|Finland||02.08.2017||The Working Group proposal does not as such cover privacy in employment. Based on its research, the Working Group considers that the current Act on the Protection of Privacy in Working Life is in line with the GDPR. However, the responsible Ministry may suggest amendments.
|Germany||07.08.2017||Yes - § 26 constitutes a basis for processing of employment data. The new rule keeps more or less the framework of the current rules on processing of HR data. As under the current German Federal Data Protection Act, the processing of employee data is generally allowed if necessary for establishing, carrying out or terminating the employment relationship (NB: subject to interpretation based on existing case law and guidance of DPAs). The GDPAA maintains the current restrictions for investigations of criminal conduct and now expressly mentions operating or service agreements (collective agreement) and collective bargaining agreements as possible legal basis for a processing of HR data.
§ 26 also contains certain justifications for the use of special categories of employee data ("sensitive data") and a definition of the term "employee". The GDPAA further provides clarification on consent, such as the circumstances when such consent is “freely given” in an employer-employee relationship. Legal and economic advantages are considered in this respect and in the reasoning of the GDPAA, for example, refers to the use of IT for private purposes or to receive health benefits. Under certain conditions, § 24(2) permits a change of purposes for sensitive data in HR context.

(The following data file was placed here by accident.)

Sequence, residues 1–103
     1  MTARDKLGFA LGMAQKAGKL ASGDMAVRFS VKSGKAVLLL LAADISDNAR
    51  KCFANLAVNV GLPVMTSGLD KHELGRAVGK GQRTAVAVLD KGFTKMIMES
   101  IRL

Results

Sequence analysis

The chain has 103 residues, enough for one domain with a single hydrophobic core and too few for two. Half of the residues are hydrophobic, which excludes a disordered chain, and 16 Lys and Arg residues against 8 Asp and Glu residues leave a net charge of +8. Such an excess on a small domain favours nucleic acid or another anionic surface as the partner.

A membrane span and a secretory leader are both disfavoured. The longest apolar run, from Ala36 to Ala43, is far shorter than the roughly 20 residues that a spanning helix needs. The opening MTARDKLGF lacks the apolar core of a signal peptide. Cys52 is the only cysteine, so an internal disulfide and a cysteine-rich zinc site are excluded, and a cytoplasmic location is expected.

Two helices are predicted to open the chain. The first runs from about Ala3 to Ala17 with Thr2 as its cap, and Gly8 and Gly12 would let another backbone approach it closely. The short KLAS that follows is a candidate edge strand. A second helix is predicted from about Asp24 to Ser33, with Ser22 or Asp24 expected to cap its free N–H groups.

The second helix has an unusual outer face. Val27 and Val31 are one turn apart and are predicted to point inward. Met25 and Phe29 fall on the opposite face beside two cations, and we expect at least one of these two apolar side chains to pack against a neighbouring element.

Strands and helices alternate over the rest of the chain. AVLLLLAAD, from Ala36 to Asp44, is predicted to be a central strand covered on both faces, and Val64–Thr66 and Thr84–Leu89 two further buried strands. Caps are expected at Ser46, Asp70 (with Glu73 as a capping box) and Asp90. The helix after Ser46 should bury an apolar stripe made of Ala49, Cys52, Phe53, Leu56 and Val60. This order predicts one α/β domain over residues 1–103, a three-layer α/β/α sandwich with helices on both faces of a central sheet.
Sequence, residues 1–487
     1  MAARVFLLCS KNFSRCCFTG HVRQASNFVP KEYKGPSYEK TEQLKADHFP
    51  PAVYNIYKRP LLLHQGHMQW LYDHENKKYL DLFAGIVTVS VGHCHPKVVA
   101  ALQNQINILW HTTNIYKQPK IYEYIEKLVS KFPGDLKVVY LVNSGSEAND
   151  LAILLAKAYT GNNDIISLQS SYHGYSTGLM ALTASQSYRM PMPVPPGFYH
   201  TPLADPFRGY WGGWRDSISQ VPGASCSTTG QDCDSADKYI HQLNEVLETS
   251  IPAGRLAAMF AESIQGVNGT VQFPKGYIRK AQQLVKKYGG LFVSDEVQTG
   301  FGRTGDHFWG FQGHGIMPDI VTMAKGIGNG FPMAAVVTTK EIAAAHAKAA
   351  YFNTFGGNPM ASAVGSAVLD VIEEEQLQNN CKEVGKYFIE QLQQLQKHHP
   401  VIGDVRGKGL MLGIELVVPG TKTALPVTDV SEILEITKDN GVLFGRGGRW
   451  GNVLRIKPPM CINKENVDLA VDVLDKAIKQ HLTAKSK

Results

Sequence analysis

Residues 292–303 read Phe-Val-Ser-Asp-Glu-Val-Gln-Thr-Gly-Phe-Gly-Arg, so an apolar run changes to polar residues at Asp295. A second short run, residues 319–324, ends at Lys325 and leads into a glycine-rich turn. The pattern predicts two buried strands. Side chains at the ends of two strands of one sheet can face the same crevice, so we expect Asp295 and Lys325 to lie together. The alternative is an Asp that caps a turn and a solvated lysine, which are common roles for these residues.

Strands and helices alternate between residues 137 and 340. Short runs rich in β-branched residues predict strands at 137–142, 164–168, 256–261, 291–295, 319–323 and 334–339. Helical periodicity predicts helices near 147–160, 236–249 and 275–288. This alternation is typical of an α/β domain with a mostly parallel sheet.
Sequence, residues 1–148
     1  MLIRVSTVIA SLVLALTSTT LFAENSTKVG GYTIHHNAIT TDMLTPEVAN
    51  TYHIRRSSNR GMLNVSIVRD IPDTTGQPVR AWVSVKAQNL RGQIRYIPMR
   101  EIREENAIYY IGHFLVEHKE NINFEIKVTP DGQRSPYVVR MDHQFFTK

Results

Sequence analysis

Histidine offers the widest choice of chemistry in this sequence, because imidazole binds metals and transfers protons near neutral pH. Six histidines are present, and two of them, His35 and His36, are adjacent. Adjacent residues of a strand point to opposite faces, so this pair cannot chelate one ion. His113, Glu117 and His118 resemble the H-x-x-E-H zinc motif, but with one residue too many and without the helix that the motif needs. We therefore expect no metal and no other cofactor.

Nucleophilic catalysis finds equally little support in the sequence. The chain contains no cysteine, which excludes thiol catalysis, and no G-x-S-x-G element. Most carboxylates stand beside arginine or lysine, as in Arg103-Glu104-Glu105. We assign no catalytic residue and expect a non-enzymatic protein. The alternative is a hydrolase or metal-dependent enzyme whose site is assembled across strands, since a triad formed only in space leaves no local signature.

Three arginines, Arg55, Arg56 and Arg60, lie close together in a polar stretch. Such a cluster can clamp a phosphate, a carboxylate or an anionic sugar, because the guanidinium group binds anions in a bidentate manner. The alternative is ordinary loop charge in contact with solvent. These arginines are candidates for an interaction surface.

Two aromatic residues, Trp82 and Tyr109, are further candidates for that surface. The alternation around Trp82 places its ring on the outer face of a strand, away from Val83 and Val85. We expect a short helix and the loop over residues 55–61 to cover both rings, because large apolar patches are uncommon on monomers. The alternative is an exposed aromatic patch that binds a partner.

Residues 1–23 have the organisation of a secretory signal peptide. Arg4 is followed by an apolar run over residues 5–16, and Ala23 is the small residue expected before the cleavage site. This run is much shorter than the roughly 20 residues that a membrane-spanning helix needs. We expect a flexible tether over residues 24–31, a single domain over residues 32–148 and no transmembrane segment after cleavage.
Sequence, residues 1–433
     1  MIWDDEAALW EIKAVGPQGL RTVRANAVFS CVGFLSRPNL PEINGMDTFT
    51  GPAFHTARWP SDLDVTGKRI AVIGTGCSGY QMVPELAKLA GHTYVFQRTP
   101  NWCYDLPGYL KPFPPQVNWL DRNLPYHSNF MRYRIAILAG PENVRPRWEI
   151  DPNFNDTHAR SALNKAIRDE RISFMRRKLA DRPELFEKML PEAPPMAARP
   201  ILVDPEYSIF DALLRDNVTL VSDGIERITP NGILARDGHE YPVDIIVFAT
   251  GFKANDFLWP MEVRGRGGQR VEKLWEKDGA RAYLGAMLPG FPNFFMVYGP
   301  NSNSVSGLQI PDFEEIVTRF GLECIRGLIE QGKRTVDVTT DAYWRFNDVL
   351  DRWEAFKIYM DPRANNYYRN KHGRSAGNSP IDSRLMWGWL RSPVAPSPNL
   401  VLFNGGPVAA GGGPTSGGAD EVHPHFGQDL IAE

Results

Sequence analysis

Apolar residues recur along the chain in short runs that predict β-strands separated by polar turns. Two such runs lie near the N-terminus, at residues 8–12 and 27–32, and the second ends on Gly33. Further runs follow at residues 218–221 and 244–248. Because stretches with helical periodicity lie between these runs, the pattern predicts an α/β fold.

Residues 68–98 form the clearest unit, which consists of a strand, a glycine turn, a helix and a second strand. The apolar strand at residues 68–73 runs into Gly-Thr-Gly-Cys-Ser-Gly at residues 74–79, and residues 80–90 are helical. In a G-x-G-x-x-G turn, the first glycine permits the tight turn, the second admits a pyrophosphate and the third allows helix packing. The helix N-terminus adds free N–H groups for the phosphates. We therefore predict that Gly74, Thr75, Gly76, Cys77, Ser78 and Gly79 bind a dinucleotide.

|Ireland||12.09.2017||The General Scheme refers to the possibility of specific rules in the employment context but contains no detail as to what, if any, specific rules may be adopted.|
|Spain||27.07.2017||Data processing for the purposes of whistleblowing and preparing anonymous reports is allowed. Draft Bill allows CCTV recordings for supervision of employees as part of the employment relationship.|